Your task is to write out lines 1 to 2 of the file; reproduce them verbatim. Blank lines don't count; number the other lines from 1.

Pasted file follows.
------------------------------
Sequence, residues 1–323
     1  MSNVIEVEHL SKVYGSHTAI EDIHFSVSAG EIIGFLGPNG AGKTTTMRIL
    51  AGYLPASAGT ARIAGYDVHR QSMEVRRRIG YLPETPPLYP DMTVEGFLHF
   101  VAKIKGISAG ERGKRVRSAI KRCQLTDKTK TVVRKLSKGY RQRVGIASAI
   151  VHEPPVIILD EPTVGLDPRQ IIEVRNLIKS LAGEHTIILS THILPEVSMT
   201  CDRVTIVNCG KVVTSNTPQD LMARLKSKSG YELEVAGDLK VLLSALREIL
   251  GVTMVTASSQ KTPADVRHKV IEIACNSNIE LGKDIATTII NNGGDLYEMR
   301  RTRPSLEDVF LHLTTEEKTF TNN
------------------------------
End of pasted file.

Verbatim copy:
Sequence, residues 1–323
     1  MSNVIEVEHL SKVYGSHTAI EDIHFSVSAG EIIGFLGPNG AGKTTTMRIL